One reason I never became a still water angler (there are a few) is that it is so hard to locate the fish unless they are showing on the surface.

Good luck Dave
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Old 05-22-2013, 07:54 PM
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Default Re: where the big trout live

Ranger, sorry, I guess I should mentioned rainbows as the target.

A big fish around here, in the lake I will be fishing can go over 20. My buddies and I routinely pull fish between 12 and 16 but we have also pulled a few 20s and one of my buds pulled a 24 out not too long ago.

Big Fly, sorry about the back in the day comment, good to see you posting on this one, sorry, had not seen anything from you in a while, of course, that may be my fault, I have only been on intermittently lately and I must admit I don't always read every post when I do get on. I am fishing a floater for midges and such, type I for the dropoffs - nymphs, leeches, wiggletails, etc, and a type VI for the deep water again leeches and buggers and wiggletails - oh my.

Ard, don't give us that 18 is big stuff, we have all seen the pictures of your monster fish

Curious bigfly, are you (or any of the other locals) fishing the Portola/Davis tourney this year? Just want to know if I gotta be careful and not give out too much info , or failing at that, curious if anyone is planning to meet up. I will probably tube and launch at jenkins, but I might break out the boat if its windy.

Dave
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Old 05-23-2013, 12:07 AM
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Default Re: where the big trout live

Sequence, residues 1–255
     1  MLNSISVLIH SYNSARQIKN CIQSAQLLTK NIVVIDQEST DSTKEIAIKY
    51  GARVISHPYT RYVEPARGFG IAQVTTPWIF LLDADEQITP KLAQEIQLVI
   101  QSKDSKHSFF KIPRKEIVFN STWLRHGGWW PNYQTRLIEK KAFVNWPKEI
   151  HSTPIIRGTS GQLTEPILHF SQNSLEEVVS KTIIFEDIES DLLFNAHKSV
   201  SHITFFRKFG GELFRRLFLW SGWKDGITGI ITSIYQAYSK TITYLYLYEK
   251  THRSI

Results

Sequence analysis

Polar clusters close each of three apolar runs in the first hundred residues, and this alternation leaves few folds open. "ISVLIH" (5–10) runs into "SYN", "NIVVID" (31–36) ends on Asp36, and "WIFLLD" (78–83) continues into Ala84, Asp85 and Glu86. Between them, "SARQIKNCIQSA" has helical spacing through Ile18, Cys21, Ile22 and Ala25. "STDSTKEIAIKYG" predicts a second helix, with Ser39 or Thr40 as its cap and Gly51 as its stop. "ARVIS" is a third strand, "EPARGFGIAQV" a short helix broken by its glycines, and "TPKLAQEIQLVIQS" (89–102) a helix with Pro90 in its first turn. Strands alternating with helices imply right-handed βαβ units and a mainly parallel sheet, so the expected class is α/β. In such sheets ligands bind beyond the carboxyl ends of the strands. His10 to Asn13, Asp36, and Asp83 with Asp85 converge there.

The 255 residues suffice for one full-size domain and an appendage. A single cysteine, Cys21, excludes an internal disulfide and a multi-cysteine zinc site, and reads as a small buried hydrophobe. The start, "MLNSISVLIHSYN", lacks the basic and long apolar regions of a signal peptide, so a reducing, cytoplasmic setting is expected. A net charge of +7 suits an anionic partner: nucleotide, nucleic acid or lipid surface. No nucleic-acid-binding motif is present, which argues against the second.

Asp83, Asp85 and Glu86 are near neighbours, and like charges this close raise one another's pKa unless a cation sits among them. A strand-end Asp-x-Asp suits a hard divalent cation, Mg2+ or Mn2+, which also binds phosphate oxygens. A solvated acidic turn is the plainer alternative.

Dave,

In my experience big fish, even in still waters, are scared and lazy. By scared - I mean they don't come out of hiding very often. They don't leave their home area. They hang out under cliffs below the water, near underwater currents to bring them food. Try and find out the topography of the lake. Is it flat and muddy with some seaweed or is it rocky with several drop off points, large boulders, and the like? Is the water a reservoir with and inlet and out let?

But you already knew all that jazz...

Sometimes fishing is just fishing!

Randy
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Old 05-23-2013, 06:01 PM
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Default Re: where the big trout live

Everyone's already said what needs to be said here, but I thought I'd throw in my two cents anyway.

My experience with catching large rainbows is limited, but big fish regardless of species have the same needs (cover, forage, access to deeper water, etc.). Also, keep in mind what another poster has already said about big fish being lazy. Larger fish are very efficient, feeding on pretty that's easy to capture, abundant, and high in calories. They also are adept at staking out a territory that gives them everything they need within a small space. And many times they will defend it, bullying other smaller fish out of their area. If you find a really 'fishy' spot, and don't find evidence of many fish, there's a chance that's because a really large fish owns that spot.

If it's still spring in NV as it is here in AZ, then your fish should be in shallower water (5-15 ft. depth), near an inflow such as a creek mouth, or perhaps patrolling some nearby main lake structure.

If there is a creek mouth with some current, I'd pick that over nearly any other type of structure. I'd cast across the creek bed at all angles with large streamers that might imitate anything from baitfish to crawdads. My usual strategy is to start at the bottom and work my way up to the surface. Near the bottom I tend towards slower retrieves, gradually increasing speed as I get nearer the surface.